A Rough Winter? Not So Much. NOAA’s Regional Climate Center shows a warmer than average winter east of the Rockies; temperatures as much as 3F warmer than normal from the Midwest into the Southeast. The western third of the USA has been trending colder since December 1.
More on Climate and Weather News:
How The Sequester Impacts Weather And Hurricane Reporting. Here’s a story that caught my eye; an excerpt courtesy of Central Florida News 13: “How you are protected and receive information about extreme weather conditions from the government could be affected by the sequester. The National Oceanic and Atmospheric Administration, which runs the National Weather Service and the National Hurricane Center, stands to take a large hit if the sequester takes effect, according to the Obama administration. The Department of Commerce, oversees NOAA, stated that the budge cuts could potentially impact the public in a storm. In an emailed statement, a spokesman wrote:
Photo credit above: “(FILE/Kimberly Prosser, Brevard County Emergency Management) “Hurricane hunter aircraft like this one in Brevard County could be forced to reduce flight hours under budget cuts as outlined in the March 1, 2013 sequester.”
Percentage Annual Sunshine. The list above highlights America’s sunniest cities. Phoenix and Las Vegas get top honors for the most sunshine (85% of daylight hours are sunny, on average). As a point of comparison 58% of daylight hours in the Twin Cities are clear to partly cloudy, a higher number than Chicago, Milwaukee, Detroit or Boston. Source: currentresults.com.
2012 U.S. Extreme Weather Overview. Here’s a portion of an excellent recap and summary (PDF) of America’s weather extremes during 2012 from Climate Nexus: “With oppressive heat waves, devastating droughts, ravaging wildfires, and hard-hitting storms, 2012 was one for the record books. Thousands of precipitation and temperature records were broken, plaguing almost all of the United States this year and underscoring the connection between increasingly frequent and intense extreme weather and climate change. With climate change, we’ve set the table for precisely this kind of extreme weather, and unfortunately, our changing climate threatens to alter the weather for years to come.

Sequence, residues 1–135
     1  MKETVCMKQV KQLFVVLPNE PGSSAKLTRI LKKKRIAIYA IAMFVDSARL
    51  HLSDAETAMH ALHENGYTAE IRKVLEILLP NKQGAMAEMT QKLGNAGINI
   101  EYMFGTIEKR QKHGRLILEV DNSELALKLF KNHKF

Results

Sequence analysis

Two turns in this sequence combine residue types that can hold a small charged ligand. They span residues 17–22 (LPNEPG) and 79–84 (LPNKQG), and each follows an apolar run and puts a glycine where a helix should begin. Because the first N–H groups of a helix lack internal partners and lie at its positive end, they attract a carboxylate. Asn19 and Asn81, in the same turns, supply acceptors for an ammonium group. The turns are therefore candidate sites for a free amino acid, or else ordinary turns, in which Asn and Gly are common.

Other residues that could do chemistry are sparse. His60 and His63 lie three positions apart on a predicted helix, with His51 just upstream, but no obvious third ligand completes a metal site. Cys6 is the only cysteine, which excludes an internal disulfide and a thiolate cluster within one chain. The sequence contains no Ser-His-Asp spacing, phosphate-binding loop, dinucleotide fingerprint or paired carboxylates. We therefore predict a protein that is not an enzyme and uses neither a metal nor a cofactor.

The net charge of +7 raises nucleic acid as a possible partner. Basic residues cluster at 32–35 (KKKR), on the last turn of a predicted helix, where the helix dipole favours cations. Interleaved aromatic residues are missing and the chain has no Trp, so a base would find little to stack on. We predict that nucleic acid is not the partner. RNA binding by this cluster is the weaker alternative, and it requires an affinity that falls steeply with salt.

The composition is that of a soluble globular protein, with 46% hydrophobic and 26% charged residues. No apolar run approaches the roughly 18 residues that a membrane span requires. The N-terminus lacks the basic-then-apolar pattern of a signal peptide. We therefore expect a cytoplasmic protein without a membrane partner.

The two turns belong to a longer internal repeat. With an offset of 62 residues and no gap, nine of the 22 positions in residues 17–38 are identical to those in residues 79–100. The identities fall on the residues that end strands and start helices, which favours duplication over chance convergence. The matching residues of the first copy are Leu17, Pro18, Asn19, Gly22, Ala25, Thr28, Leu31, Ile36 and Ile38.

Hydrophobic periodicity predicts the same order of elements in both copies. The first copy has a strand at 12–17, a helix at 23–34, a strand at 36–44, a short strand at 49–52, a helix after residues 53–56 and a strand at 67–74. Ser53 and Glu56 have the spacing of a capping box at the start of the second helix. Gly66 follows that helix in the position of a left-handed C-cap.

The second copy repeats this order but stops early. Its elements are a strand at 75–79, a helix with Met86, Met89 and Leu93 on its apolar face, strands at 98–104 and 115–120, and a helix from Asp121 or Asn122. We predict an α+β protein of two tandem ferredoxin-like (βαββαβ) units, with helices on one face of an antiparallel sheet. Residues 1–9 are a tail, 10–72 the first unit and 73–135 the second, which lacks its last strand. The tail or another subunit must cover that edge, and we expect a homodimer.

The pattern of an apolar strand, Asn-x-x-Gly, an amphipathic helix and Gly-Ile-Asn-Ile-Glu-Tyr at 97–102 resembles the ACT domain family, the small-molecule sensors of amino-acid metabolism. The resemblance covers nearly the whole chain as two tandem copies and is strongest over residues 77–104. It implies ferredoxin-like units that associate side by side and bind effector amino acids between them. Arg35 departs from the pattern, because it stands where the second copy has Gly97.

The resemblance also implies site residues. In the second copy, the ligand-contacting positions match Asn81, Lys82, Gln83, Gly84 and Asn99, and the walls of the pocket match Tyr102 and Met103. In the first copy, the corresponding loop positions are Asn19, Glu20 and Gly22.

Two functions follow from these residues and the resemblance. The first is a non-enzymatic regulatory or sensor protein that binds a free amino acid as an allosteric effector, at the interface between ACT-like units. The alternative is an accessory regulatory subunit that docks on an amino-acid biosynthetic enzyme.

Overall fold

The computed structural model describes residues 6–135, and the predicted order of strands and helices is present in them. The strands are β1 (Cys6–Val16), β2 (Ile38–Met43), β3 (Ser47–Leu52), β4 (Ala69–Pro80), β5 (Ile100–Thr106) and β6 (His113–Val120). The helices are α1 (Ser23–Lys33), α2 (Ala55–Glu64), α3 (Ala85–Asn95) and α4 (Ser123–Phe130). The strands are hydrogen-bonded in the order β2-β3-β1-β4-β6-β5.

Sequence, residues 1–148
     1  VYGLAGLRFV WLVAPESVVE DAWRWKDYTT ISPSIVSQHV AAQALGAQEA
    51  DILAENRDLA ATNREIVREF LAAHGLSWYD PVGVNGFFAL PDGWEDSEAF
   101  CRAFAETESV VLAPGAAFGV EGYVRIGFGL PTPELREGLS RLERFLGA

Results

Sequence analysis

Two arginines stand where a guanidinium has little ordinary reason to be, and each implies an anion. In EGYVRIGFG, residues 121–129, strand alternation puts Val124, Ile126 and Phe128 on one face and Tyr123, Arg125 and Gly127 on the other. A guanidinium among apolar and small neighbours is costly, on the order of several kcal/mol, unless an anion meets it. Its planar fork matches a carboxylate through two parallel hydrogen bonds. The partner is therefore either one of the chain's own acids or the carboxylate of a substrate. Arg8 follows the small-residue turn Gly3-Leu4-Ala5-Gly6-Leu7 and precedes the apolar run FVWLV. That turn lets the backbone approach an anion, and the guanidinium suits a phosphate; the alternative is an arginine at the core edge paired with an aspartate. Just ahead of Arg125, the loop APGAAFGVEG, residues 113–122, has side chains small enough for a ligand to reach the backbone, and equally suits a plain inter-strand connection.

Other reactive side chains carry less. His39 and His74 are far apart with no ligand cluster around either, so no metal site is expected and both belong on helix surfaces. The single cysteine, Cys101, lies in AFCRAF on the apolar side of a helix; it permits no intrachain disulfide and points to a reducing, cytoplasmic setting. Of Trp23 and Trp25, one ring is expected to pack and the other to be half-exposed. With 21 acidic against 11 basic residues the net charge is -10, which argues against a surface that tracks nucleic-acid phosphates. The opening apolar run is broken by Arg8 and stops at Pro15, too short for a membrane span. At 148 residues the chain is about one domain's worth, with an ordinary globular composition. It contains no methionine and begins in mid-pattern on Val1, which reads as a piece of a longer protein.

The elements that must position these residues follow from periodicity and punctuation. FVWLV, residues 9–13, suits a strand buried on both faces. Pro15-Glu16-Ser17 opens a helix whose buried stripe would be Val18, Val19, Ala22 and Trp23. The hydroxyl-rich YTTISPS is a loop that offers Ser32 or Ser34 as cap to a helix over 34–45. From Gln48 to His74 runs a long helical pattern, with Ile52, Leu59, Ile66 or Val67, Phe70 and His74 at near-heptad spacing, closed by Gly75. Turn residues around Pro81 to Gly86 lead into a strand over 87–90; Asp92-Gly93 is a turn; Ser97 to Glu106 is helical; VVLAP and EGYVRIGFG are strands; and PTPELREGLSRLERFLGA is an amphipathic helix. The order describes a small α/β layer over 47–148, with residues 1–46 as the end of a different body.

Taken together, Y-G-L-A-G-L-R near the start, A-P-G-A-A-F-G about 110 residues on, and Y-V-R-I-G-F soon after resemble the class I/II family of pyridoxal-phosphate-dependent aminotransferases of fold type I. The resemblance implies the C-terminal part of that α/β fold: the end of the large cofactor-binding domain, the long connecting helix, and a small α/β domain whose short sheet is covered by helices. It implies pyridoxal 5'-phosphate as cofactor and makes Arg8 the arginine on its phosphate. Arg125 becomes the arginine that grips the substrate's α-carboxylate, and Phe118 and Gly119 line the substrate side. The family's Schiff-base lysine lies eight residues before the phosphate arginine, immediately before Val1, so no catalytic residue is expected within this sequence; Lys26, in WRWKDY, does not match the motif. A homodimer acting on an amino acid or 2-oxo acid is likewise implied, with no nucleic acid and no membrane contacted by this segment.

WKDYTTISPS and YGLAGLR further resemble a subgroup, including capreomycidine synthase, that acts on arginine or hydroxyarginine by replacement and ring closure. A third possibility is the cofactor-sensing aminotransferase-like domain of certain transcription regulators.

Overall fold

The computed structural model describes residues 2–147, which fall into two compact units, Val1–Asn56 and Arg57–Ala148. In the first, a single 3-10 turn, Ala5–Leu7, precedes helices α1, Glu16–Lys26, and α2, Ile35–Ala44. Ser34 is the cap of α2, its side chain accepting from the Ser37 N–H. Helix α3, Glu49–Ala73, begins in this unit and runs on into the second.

A year of extremes: 2012 was the second most extreme year on record for the nation, according to the U.S.Climate Extremes Index. The year had 11 disasters costing $1 billion or more. The only year on record that had more billion dollar disasters was 2011, which had 14. According to Munich Re, extreme weather caused $107.2 billion worth of damage in the U.S in 2012….”
Going Blind: The Coming Satellite Crisis. The USA has 24 earth-observing satellites in orbit right now; several of the polar-orbiting satellites are about to go dark, and replacements may not be available for a period of time, resulting in a potential forecast-accuracy-gap. Some predictions have only 6 earth-observing satellites in operation by 2020. More from PBS Nova: “…That’s where polar orbiting satellites come in. They complement geostationary satellites by trading frequent updates for sharper images. Polar orbiting satellites sit much closer to Earth—generally about 500 miles up—and complete a trip around the globe every 100 minutes or so. Most Earth-observing satellites, weather and otherwise, fly in polar orbits. With the right sensor, they can image the entire planet twice a day, once on the day side, once on the night side. Their role in meteorology is unquestionable. “The polar orbiting satellites give us the ability to do long term weather forecasts,” says Jane Lubchenco, outgoing administrator of the National Oceanic and Atmospheric Administration. “Currently, NOAA’s forecasts go out 7 to 10 days. If we don’t have a polar orbiting satellite, we would do 2 to 3 day forecasts. That’s a huge difference…”
Image credit above: “Suomi NPP is a weather satellite in low-Earth orbit—the only one the U.S. currently operates for civilian uses.”
Minneapolis, Minnesota, United States
Every day I sift through hundreds of stories, maps, graphics and meteorological web sites, trying to capture some of the most interesting weather nuggets, the stories behind the forecast. I’ll link to stories and share some of the web sites I use. I’m still passionate about the weather, have been ever since Tropical Storm Agnes flooded my home in Lancaster, PA in 1972. I’ve started 5 weather-related companies. “EarthWatch” created the world’s first 3-D weather graphics for TV stations – Steven Spielberg used our software in “Jurassic Park” and “Twister”. My last company, “Digital Cyclone”, personalized weather for cell phones. “My-Cast” was launched in 2001 and is still going strong on iPhone, Android and Blackberry. I sold DCI to Garmin in 2007 so I could focus on my latest venture: WeatherNation.
Twitter name: pdouglasweather